When discussing energy transformations on the molecular scale, we usually use electronvolts as the energy unit. This is handy because chemical bond energies are a few electronvolts in magnitude.

I had an idea to go through some thermodynamic tables and convert them into molecular-scale units (energy in $\mathrm{eV}$, entropy in bits, etc.) in order to get a feel for how chemistry works on the scale of single molecules. However, for talking about volume changes (that is, average volume change per molecule), I can't think of a convenient unit. All of the most commonly used volume units ($\mathrm{\mu L}$ etc.) are far too large, apart from Planck units, which are far too small. Even yoctolitres are a bit on the big side, and I've never heard of anyone tabulating values in $\mathrm{yL}$.

Of course it wouldn't be hard to define a convenient unit, for example by deriving it from the ideal gas law at a standard temperature and pressure. But it would be better to use a unit that people already recognise. So my question is: is there a unit of volume in common use that is of a convenient size for thinking about single molecules? That means, I guess, that it should be between around $10^{-31}$ to $10^{-27}\;\mathrm{m^3}$, and preferably towards the smaller end of that.

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    $\begingroup$ I guess you wouldn't just want to work with cubic nanometers? Or perhaps a cubic Angstrom? $\endgroup$ – tpg2114 May 20 '14 at 0:54
  • $\begingroup$ $nm^3$ are a bit big, but actually I guess cubic Angstroms are probably the obvious choice, I just hadn't thought of it. (But the most important thing is whether people actually use those units for this purpose already.) $\endgroup$ – Nathaniel May 20 '14 at 0:56
  • $\begingroup$ I suppose it's a matter of choice depending on the size of your molecule -- complex hydrocarbons may be on the cubic nanometer scale. But between the two, you have your $10^{-30}$ or your $10^{-27}$ as the case may be. I've seen crystal lattices described by either their Angstrom spacing and angles or the volume in Angstroms of the circumscribed sphere. $\endgroup$ – tpg2114 May 20 '14 at 1:00
  • $\begingroup$ It's for considering volume changes rather than absolute volumes. Typically, volume changes are rather smaller than the volume of an individual molecule, unless the reaction involves a phase change to or from the gas state, in which case it goes up to $k_BT/p$ per molecule ($\approx 4\times 10^{-26}\;\mathrm{m^3}$ at standard $T$ and $p$). From working through a few examples, though, it seemed like it would be more convenient to use a smaller unit. $\endgroup$ – Nathaniel May 20 '14 at 1:09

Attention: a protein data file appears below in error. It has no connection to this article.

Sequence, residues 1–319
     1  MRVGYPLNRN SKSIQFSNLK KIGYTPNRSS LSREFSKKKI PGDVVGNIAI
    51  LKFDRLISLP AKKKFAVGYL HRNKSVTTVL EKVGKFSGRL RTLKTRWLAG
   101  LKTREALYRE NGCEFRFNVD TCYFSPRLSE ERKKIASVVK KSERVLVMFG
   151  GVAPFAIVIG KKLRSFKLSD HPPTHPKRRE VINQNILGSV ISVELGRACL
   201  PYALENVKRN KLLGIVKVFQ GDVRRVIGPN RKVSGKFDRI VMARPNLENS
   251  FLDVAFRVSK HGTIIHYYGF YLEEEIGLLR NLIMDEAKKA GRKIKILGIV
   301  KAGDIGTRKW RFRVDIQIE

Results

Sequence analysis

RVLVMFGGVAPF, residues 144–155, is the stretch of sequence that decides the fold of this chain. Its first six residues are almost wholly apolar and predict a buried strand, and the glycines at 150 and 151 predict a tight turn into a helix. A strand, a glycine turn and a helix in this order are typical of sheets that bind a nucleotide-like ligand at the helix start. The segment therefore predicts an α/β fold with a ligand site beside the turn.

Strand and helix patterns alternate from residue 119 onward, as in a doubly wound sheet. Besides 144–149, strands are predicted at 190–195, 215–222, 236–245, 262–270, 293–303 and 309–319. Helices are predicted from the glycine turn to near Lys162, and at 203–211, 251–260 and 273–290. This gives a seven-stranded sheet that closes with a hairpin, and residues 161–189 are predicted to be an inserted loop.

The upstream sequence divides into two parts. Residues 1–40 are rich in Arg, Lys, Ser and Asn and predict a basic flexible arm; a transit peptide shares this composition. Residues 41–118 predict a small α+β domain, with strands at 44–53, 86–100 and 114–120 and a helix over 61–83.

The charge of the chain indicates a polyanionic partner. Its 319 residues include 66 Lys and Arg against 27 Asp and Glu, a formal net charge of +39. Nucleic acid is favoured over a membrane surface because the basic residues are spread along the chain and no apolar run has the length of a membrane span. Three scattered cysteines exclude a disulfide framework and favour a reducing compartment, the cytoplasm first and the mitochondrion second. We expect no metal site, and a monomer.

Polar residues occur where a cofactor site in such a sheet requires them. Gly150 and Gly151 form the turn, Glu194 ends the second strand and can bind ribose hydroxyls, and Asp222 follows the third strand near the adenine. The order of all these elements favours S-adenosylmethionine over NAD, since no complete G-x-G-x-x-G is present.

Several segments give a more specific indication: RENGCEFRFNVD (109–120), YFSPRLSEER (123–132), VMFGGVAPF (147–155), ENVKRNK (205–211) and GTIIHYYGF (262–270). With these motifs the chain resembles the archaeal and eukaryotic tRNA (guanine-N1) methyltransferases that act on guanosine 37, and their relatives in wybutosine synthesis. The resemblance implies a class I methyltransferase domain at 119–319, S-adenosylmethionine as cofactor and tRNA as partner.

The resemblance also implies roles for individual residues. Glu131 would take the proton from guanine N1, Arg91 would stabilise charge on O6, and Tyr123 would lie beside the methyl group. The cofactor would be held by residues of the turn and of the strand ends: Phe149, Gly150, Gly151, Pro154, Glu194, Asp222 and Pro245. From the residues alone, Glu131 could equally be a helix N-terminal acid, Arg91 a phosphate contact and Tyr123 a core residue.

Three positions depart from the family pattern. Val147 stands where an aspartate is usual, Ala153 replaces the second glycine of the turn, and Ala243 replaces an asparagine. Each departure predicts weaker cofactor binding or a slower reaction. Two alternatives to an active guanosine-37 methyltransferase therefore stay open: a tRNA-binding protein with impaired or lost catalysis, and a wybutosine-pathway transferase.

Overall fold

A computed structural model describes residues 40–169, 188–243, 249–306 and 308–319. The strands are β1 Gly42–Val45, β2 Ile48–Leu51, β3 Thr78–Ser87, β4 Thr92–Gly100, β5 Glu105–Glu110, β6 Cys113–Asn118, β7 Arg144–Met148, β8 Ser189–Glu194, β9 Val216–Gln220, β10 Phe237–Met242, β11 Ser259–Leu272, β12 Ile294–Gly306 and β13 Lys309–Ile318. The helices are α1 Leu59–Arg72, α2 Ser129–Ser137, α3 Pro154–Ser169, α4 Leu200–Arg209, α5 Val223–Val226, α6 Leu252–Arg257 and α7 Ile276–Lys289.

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    $\begingroup$ I still think cubic Angstroms may be the best bet, but I don't know what kinds of calculations you're dealing with. I don't mind using values from 1e-3 to 1e3 regularly so something like $0.001$ cubic Angstroms isn't unbearable for me. That's probably within the range of volume changes you would encounter maybe? $\endgroup$ – tpg2114 May 20 '14 at 1:55

There are atomic units, where

Length is: Bohr radius = 1

Mass is: mass electron = 1

Time is: Bohr period = 1

See above link for a full explanation of the system.


Crystallographers mostly talk about the spacings between lattice planes in Ångstroms, as tpg2114 says in a comment.

I have found myself tabulating number densities for different materials in atoms per barn-cm. This is because the transmission through an absorber with number density $n$, thickness $\ell$, and capture cross section $\sigma$ is $$ T = \exp -n\sigma\ell $$ and I typically have cross sections in barns and care about lengths in centimeters. A barn is an area unit equal to 100 fm2 = 10-28 m2 = 10-24 cm2. This is a very small unit of volume, but it's a very long and skinny volume.

I can't remember if I started doing that on my own or if I copied it from someone else, but it was damned useful for doing transmission calculations. Don't know how appropriate for thermodynamics, though. Interesting question!


A cubic nm contains 33 molecules of water. The smallest amount of H2O needed to make water, is six molecules, or 0.18 cu. nm.


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